The day that Apple unveiled the iPhone 6 and 6 Plus, I predicted that millions of existing iPhone users would refuse to upgrade because they didn’t want a larger device, but that that dissatisfaction would be temporarily drowned out by the record-setting sales of the iPhone 6 to those who were drooling over the larger screen. Sure enough, three months later, sales are still off the charts and Apple can barely keep up with demand. But the grumblings from those refusing to buy an iPhone 6 are getting louder, and now Tim Cook must decide how to resolve it.
It was obvious from the start that the iPhone 6 would be a record-smashing hit product. Its 4.7 inch screen size is right in the middle of the market, making it just the right product to lure in switchers who weren’t happy with their Android phone in general but were too accustomed to the larger size to accept anything smaller. It seemed just as obvious that the iPhone 6 Plus would be a niche at best, based simply on the fact that existing phablets have only added up to a niche. No harm in Apple playing the field. But it was a given a 4.0 inch iPhone 6 would have outsold the 5.5 inch iPhone 6 Plus. Anyone in touch with the typical iPhone user already knew that before the launch took place. So why didn’t Apple know that?
I also predicted at the time that failing to offer a 4.0 inch iPhone 6 would end up being the biggest mistake of Tim Cook’s tenure as the CEO of Apple. That’s actually more like praise, as he’s made few costly errors in his three years on the job and has gotten most of his major decisions right. But there was a blind spot here with the iPhone lineup. Perhaps all Android users complaining about the size of the iPhone 5 was so loud to the point of distraction. Or perhaps it’s the fact that most of the tens of millions of existing iPhone users had no idea that the elimination of the four inch form factor was coming, and therefore had no reason to be loudly voicing their support for it beforehand. Or maybe Cook knew the move would be wildly unpopular with his existing user base but was expecting them to suck it up and grudgingly buy the larger iPhone 6 anyway.
At this point, however, the grumblings can’t be ignored. Nor can the potentially millions of sales being lost as a result of iPhone users becoming upgrade eligible but opting to stick with their older iPhone model because they prefer its size. In hindsight the correct move would have been for Apple to offer the iPhone 6 in three sizes in order to please everyone. It would have made for a bit of an inventory headache, but it would also have resulted in sharply higher sales. Again, we’re talking about a mistake that’s merely keeping the world’s most popular product from being even more popular, but with the success that Apple routinely has, it seems okay to grade on a curve here.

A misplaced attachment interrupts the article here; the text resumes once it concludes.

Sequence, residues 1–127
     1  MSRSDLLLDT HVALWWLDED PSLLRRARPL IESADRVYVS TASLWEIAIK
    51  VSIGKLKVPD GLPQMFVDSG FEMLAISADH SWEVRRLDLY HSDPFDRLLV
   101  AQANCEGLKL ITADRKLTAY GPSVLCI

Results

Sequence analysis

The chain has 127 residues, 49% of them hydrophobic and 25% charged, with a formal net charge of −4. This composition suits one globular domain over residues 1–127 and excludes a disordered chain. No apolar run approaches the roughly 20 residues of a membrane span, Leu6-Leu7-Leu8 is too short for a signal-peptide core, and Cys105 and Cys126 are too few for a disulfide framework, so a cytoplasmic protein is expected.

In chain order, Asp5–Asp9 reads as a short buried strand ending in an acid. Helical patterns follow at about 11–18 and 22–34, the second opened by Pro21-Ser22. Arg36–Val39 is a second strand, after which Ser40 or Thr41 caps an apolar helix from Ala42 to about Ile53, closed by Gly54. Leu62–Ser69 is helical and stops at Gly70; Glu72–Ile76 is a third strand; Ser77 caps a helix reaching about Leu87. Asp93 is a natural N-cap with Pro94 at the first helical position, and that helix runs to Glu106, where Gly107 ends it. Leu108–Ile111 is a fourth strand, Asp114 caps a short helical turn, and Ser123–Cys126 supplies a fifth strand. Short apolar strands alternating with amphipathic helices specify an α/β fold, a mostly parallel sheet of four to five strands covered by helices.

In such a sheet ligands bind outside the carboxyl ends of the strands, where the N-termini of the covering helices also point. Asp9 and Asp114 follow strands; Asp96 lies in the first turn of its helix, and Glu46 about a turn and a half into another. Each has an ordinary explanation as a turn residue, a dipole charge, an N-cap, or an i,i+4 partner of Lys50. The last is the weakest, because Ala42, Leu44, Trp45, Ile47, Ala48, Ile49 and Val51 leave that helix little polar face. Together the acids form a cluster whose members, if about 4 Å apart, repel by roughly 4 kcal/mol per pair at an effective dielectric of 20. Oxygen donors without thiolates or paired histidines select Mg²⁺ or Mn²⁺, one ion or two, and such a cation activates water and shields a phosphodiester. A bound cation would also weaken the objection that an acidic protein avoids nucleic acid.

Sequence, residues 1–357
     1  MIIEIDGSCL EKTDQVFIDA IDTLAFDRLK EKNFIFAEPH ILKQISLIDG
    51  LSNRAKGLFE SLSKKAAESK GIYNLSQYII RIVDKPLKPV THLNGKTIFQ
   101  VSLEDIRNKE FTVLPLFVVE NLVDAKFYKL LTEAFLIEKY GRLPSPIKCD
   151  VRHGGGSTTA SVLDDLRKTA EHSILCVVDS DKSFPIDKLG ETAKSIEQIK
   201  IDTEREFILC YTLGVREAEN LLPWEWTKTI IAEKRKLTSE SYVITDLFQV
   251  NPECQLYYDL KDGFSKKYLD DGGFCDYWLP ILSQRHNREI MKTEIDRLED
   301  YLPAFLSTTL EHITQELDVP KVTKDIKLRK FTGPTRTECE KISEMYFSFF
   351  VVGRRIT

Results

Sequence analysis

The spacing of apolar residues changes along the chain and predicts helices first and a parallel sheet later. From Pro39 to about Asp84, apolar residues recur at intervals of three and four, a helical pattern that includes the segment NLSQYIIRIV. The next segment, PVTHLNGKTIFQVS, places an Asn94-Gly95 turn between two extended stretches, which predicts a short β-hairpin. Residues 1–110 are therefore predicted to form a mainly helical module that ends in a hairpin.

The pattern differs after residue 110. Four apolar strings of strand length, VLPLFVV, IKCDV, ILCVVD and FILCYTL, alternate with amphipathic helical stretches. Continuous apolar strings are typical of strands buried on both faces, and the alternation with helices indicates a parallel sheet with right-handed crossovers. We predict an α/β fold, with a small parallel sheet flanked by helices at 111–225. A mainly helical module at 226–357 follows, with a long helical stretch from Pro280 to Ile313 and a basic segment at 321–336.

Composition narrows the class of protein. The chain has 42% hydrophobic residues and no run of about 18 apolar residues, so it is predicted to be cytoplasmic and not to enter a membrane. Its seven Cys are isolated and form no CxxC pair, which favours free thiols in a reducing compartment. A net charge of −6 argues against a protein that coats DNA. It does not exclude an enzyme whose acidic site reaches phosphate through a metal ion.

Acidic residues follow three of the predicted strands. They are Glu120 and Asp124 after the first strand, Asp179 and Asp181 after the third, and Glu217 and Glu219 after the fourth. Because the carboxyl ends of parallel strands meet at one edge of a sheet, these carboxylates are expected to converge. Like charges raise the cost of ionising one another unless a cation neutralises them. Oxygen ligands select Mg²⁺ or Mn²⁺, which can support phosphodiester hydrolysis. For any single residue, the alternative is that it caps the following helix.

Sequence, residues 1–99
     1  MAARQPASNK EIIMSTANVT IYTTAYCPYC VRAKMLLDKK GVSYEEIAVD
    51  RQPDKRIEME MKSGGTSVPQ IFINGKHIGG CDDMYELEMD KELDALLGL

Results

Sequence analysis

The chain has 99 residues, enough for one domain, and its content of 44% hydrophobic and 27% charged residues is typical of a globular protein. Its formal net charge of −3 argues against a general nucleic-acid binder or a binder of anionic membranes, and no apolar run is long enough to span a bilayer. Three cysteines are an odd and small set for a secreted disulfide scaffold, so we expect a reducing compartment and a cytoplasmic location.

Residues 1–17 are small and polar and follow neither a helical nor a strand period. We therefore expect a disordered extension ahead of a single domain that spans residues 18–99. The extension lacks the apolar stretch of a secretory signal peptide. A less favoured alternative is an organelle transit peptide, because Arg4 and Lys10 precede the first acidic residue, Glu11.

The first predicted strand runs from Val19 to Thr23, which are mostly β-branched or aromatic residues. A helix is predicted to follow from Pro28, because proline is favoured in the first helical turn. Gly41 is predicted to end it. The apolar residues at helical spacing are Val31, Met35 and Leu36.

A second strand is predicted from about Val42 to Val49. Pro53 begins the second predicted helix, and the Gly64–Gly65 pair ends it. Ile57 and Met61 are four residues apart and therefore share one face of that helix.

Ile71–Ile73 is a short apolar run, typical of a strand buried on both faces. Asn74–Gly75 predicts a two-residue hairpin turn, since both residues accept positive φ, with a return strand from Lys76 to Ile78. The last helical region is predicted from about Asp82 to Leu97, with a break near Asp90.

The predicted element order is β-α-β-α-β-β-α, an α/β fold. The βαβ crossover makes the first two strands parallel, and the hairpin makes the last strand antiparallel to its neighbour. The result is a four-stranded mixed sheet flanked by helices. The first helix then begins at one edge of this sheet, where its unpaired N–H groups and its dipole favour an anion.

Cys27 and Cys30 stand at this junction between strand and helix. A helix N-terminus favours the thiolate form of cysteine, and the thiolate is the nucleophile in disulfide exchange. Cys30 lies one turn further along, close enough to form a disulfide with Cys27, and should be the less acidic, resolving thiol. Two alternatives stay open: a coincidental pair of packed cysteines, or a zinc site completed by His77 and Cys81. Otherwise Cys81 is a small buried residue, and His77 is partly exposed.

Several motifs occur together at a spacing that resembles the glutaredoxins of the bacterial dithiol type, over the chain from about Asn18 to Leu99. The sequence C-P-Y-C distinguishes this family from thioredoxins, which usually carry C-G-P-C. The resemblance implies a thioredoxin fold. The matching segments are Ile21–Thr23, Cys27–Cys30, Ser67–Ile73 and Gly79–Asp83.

The solution is for Apple to simply release a four inch iPhone 6 model, which based on its current naming conventions, would be called the iPhone 6 mini. This may have been Tim Cook’s Plan B all along in the event that his gambit to force the existing user base to a larger phone didn’t pay off. Such a product would have to be incrementally thicker than the existing iPhone 6 in order to house comparable battery life, though it could still almost certainly be a tad thinner than the iPhone 5S. Pricing could be an issue, as Apple won’t want to offer it for any less than $199, essentially asking consumers to pay the same price for a smaller phone. But for those who have been put off by the larger size anyway, that may not be seen as controversial – so long as Apple doesn’t offer weaker specs on the smaller model.
The concern then becomes what happens to those existing iPhone users who bought the larger iPhone 6 grudgingly, and will now be contractually ineligible to switch to the smaller iPhone 6 they wanted all along. There will be justifiable backlash from the user base, and that backlash will be disproportionately amplified by those outside the user base who just love a good Apple controversy. But the payoff for such a move vastly outweighs any downside, and so it’s merely a matter of Tim Cook being able to recognize that he made a rare mistake, and willing to acknowledge it by correcting course. He’s shown himself humble enough that I expect there will in fact be an iPhone 6 mini on the market – or perhaps an “iPhone 6S mini” a bit later down the road – before it’s all said and done.